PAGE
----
- Having offices for the transfer and/or exchange of the LLC’s own securities
- Selling products or services through independent contractors
- Creating or acquiring indebtedness
- Securing debts
- Earning royalties or nonoperating mineral interests in transactions outside New Mexico
- Owning real or personal property in New Mexico
- Transacting business in interstate commerce
- Conducting a single transaction, not in a series of similar ones, within 30 days
If your only business activities in New Mexico appear here, you are most likely exempt from foreign qualifying. You can find a more in-depth list in the New Mexico LLC Act, Section 53-19-54. If you have questions, it’s wise to seek legal advice.
How to Foreign Qualify your LLC in New Mexico
Foreign qualification in New Mexico is simple if you know where to find and send your forms. If you or your legal counsel has decided to foreign qualify your LLC in New Mexico, you can register by mail or in person.
Pages 1-3 of this form contain detailed instructions for its completion. Follow them carefully and your registration process will be quick and smooth. For a quick reference, here’s the information you’ll need:
- Your LLC name (and an alternate name if you original is unavailable in New Mexico)
- The state where your LLC was formed
- The date of your LLC’s formation
- Your LLC’s principal office address from your domestic state (and mailing address, if different)
- The name and address of your New Mexico registered agent
- Name(s) of the person(s) in whom the LLC’s management is vested
Ready to submit your form? Not so fast. There are three other documents you’ll need to include:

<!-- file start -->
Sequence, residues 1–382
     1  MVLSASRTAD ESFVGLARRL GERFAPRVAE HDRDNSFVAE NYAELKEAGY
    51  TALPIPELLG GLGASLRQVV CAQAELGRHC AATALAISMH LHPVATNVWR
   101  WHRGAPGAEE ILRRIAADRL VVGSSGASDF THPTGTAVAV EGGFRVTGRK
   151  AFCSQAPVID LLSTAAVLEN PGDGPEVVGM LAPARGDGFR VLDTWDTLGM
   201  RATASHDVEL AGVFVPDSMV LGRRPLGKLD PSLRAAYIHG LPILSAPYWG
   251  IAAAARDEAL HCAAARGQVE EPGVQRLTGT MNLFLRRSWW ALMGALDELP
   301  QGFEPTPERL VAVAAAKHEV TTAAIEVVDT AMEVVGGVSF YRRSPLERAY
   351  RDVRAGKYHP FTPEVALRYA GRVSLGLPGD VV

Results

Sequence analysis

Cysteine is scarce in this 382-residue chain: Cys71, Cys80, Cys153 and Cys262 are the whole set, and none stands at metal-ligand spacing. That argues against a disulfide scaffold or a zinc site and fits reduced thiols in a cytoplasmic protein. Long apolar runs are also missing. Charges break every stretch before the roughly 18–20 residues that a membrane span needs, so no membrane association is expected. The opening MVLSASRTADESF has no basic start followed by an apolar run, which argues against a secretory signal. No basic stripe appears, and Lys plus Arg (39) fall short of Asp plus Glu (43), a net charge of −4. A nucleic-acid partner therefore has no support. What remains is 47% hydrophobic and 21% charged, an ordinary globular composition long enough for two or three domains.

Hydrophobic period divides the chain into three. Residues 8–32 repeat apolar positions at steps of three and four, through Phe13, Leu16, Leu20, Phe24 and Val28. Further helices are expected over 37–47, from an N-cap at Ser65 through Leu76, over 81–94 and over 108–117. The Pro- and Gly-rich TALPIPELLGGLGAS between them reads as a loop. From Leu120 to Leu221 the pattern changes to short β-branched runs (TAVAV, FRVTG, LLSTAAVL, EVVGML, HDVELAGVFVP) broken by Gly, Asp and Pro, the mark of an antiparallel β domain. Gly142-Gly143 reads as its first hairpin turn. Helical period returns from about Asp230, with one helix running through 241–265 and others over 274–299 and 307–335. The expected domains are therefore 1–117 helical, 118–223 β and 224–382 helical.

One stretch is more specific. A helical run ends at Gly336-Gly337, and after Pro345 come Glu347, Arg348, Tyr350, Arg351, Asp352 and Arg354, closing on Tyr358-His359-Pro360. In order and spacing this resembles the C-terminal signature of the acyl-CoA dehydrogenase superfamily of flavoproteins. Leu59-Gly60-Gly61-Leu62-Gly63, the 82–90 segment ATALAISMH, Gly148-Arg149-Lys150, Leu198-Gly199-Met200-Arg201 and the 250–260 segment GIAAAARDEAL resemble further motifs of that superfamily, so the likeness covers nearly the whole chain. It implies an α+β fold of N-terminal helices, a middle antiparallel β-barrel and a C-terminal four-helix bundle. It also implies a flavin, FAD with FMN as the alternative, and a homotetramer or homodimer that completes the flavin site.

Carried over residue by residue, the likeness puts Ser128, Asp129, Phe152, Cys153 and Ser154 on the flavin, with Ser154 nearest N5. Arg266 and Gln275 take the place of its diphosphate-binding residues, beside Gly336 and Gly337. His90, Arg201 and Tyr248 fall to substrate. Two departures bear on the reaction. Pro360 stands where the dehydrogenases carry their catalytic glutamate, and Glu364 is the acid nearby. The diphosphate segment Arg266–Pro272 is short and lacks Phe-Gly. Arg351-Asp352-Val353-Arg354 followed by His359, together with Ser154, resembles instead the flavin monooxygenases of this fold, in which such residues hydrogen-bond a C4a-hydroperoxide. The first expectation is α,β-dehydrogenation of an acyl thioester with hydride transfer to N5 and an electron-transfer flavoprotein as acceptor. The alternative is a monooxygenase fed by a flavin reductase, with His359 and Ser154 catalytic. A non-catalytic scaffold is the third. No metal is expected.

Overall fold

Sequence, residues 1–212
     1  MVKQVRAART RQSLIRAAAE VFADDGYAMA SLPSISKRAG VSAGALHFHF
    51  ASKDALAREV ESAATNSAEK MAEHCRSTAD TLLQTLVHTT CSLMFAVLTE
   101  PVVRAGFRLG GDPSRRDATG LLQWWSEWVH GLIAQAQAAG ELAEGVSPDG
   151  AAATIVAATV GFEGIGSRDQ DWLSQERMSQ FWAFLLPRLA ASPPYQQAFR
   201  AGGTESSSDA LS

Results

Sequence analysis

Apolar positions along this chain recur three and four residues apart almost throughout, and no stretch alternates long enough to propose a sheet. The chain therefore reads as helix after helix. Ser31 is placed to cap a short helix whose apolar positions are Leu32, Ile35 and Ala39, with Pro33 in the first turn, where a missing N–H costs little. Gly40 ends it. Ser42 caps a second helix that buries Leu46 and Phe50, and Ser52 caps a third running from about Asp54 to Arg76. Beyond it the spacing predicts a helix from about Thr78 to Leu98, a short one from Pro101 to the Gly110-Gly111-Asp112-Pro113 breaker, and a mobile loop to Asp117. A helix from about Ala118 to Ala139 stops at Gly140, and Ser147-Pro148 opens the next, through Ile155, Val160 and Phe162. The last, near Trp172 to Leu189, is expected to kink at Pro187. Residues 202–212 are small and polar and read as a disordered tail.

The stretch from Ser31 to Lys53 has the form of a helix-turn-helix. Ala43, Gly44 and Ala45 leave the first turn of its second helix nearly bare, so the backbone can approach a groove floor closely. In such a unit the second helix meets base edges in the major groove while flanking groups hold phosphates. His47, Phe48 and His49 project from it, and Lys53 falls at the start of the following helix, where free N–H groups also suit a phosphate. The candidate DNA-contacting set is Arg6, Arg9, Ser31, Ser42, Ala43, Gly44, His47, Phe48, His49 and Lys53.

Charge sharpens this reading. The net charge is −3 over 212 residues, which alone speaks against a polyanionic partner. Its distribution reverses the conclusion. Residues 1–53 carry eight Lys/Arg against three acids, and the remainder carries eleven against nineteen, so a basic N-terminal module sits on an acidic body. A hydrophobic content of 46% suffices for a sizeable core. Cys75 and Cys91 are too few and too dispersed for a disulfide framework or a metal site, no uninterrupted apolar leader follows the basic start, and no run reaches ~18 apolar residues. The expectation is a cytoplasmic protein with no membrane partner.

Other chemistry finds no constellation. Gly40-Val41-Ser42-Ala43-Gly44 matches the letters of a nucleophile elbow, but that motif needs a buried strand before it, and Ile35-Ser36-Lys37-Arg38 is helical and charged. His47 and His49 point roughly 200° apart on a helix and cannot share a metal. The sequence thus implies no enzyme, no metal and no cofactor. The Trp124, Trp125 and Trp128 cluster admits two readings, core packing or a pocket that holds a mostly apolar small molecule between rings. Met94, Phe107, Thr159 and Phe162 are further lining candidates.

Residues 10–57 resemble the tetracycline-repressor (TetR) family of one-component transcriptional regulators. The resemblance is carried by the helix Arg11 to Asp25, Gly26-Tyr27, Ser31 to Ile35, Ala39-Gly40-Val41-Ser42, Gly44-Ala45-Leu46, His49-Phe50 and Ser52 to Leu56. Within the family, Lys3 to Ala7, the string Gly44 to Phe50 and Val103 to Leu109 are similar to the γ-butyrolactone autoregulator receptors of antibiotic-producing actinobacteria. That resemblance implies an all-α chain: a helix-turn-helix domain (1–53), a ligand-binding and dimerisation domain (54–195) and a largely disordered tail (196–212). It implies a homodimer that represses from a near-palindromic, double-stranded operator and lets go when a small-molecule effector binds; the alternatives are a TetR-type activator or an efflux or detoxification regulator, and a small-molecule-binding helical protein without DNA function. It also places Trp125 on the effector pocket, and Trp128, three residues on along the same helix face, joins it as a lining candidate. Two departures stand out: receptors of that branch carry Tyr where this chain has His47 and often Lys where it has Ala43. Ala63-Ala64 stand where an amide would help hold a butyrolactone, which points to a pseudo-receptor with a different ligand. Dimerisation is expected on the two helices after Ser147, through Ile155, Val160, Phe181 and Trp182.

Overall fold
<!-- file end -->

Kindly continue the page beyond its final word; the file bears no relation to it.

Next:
- A Certificate of Existence or Good Standing from your domestic state
- A Statement of Acceptance signed by your New Mexico registered agent (page 6)
- A Document Delivery Instruction From (page 7)
Once you’ve compiled everything you need, mail or hand deliver it to:
Business Services Division
325 Don Gaspar, Suite 300
Santa Fe, New Mexico 87501
And don’t forget your $100 fee. Pay this with a check or money order made out to “New Mexico Secretary of State.”
After your form is in and your fee is paid, sit back, take a deep breath, and pat yourself on the back. Your LLC is on its way to foreign qualification and you’re embarking on another chapter in the life of your business.
Name Requirements to Remember
As you’re gathering your information, organizing your forms, and making sure your filing is in order, you’ll want to also confirm the details of your business name’s compliance with state requirements. In New Mexico, your LLC name must:
- Use a term that identifies its business type, like “limited liability company,” “limited company,” “L.L.C.,” “LLC,” “L.C.,” or “LC”
- Be available and distinguishable from every registered and reserved business name on record with the Secretary of State.
Need to save time?
Let’s face it, there’s never enough time in the day, especially when you’re running a company. And properly registering your LLC in New Mexico involves research and time, time that you could be using to continue growing your business.
If the thought of paperwork, fees and state correspondence makes your head spin, consider using a service like Northwest Registered Agent to foreign qualify your business. Services like Northwest ensure that your forms are filed correctly and on-time, potentially saving you thousands of dollars in penalties, not to mention a bunch of time and stress.
And as a bonus, they include a free registered agent service for one year to keep your business compliant and in good standing with the state of New Mexico. For a $100 service fee, they’ll handle that paperwork so you don’t have to.